Day 90, Year 10: Passage to FL, Day 10—Dinghy Motors That Work
Date: Thursday, January 8, 2015
Weather: Sunny, Wind NW 30-40, Calming to NE 20, Temp in the 60’s F
Latitude: 28 21.167 N
Longitude: 080 13.236 W
Location: Anchored Off Lee Wenner Park, Cocoa
Miles Traveled: 11.2 Nautical Miles
Woohoo!!! We once again have a ‘one pull’ Yamaha dinghy motor that works and Lee and Lynda have a brand new Lehr propane dinghy motor that should definitely work. I told Lynda and Bruce at The Boat Shop in Cocoa that we will forever be indebted to them for getting Ethel running again. When we bought this dinghy motor in Malaysia I named it Ethel after my Aunt Ethel that will turn 100 next September. She is still going strong and I don’t think she has ever had an illness worse than the common cold. She is amazing. And it was my hope that by naming our dinghy motor after her, it would also be amazing. And it has been, except for the fact that it desperately needed a thorough carburetor cleaning. Lynda at The Boat Shop made the arrangements and Bruce did the work. In fact, when Mark rowed the long distance from the anchorage to shore this morning in steady 20-30 knot winds, Bruce just happened to be at the launch ramp working on another boat. He took the cue from the fact that Mark was rowing in such terrible weather and immediately said to us, “You must be the folks that need your engine worked on.” We nodded and he told us to get the motor off the dinghy and that he would take it to the shop and get to work on it after he finished his work on the boat sitting in the launch ramp. He helped Mark carry the engine over to his truck and then Mark and I walked through the little village of historic Cocoa and on down the highway to his shop. After filling out paperwork for Lynda authorizing the work, we walked across the street to hop on a city bus.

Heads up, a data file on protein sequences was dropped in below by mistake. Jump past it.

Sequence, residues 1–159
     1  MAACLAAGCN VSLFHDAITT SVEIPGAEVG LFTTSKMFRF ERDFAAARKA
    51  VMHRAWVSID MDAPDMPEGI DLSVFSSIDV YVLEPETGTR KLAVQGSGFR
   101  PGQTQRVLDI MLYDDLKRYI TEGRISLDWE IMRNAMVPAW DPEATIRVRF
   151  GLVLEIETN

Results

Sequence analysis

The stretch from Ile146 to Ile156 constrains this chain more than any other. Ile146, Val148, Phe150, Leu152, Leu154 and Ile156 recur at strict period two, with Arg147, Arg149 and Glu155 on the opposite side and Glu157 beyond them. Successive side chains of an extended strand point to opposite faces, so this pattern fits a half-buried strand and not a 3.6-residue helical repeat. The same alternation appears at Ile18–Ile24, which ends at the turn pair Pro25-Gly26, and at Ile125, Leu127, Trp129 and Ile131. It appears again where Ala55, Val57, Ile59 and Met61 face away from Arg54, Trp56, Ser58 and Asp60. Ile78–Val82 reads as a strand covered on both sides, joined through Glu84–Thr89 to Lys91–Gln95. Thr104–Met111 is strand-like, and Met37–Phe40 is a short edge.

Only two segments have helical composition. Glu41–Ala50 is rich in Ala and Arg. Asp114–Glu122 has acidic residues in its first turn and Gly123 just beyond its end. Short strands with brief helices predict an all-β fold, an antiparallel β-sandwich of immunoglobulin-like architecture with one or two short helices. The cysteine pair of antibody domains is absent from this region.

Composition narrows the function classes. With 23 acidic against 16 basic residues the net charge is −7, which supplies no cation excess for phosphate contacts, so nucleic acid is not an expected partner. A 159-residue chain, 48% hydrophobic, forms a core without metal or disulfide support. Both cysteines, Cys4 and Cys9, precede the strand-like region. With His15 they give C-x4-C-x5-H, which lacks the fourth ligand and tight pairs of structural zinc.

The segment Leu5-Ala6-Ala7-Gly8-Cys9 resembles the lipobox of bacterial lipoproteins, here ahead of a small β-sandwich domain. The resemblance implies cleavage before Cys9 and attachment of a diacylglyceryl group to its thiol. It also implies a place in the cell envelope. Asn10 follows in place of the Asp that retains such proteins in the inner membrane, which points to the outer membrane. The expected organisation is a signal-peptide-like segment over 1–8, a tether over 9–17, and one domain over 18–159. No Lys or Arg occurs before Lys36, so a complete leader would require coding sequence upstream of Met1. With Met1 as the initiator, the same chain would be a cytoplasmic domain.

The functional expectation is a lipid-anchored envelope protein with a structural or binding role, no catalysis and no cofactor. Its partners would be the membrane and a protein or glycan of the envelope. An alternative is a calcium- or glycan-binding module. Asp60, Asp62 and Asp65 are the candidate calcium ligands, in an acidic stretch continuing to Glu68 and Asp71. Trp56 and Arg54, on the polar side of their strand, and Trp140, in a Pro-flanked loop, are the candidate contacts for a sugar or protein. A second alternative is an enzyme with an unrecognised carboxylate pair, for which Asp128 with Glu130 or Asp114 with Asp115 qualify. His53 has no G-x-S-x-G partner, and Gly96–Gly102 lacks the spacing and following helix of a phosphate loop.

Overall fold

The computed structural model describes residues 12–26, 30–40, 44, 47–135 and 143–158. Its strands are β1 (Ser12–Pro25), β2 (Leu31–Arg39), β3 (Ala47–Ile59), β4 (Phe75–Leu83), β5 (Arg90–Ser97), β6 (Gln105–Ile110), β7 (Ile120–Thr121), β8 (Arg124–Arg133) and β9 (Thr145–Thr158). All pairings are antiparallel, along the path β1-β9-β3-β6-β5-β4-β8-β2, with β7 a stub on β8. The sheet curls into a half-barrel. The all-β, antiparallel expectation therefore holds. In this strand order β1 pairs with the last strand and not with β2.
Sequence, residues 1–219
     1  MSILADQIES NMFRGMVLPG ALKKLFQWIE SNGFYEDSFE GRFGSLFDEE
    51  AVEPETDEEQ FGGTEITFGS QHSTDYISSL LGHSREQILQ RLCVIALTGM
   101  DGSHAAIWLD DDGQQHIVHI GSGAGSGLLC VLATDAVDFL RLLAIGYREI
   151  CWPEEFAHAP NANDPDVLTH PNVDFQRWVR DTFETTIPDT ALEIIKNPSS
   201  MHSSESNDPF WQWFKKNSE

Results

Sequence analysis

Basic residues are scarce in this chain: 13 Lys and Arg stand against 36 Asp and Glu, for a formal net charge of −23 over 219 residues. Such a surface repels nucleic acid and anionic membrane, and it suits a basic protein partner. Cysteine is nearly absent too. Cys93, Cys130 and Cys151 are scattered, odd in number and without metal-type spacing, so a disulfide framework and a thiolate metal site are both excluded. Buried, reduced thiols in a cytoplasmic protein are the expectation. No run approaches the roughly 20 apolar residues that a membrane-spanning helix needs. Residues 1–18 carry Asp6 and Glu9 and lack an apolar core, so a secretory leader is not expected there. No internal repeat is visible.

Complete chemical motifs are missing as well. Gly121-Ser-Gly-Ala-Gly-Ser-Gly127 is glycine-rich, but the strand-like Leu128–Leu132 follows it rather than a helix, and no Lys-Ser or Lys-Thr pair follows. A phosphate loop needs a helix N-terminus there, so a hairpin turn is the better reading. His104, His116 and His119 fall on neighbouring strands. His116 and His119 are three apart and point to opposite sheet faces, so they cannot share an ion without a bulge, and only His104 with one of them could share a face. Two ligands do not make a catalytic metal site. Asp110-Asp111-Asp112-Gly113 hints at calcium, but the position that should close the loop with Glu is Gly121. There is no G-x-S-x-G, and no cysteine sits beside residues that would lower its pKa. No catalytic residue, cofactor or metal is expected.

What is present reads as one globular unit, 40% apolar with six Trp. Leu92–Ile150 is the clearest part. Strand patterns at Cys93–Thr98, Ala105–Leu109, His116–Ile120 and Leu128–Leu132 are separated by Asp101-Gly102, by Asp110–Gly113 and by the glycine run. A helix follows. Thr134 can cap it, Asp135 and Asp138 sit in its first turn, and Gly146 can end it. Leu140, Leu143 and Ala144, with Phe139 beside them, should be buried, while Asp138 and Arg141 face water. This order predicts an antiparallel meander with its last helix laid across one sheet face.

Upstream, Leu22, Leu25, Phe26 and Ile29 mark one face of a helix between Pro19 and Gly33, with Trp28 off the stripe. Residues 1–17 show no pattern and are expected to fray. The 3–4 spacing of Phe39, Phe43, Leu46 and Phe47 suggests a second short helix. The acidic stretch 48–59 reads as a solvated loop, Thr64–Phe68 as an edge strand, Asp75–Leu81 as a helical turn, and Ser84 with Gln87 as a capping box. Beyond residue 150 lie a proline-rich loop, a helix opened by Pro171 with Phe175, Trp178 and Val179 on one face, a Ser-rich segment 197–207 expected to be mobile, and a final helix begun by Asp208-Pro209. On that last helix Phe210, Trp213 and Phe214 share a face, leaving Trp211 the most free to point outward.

Our bus trip to the planetarium at a local community college didn’t go as smoothly as planned, but it was an adventure. We got on the bus and it took us to the transfer station where we had to catch another bus to the college. We explained to the driver where we wanted to go and she said she didn’t think she went there. Strange. The first bus driver told us exactly what to do and assured us that the #6 would take us to our destination. There was a long line of people waiting to get on, so we got off and went to the bus station office to inquire. There we found out that we should have taken that bus, but now we would have to wait for the next one. The waiting wouldn’t have been so bad except for the wind. It was just as windy inland as it was out on the water. We finally got to the college, now Eastern Florida State College and not Brevard Community College as we had read on the web last night. We had hoped to eat there at the student center, but it was closed, as was the entire college. They are still on break. We didn’t figure that into our planning, but we continued to walk on to the Planetarium & Observatory. It was also closed, but we were able to get into the lobby and see some of the displays. By now, Mark was starving, so we headed back across campus to catch the bus back to where we had come from. There was a gas station across the street from the campus and we got a couple of bananas and some cheese sticks to tide us over. The bus was late, but in the meantime we got a call from Lynda at The Boat Shop. All the engine needed was a good carburetor cleaning and it was good to go. We were ecstatic, especially since parts for this foreign-made engine are hard to come by. The bus trip back went much more smoothly. Bruce demonstrated to us that the engine was running and then we helped put it in the back of his pick-up. He took us back to the launch ramp and we were off and running. It felt so, so, so good to be in the dinghy with that motor running again. When you live on a sailboat on anchor or on a mooring, your dinghy and dinghy motor are what allows you to freely come and go to shore. Rowing is fine if the weather is settled and there is no current and you don’t have to go very far. But most of the time the weather is not settled and there is always current to contend with and often we do want to go far. So we are thankful, thankful, thankful that we have our transportation back.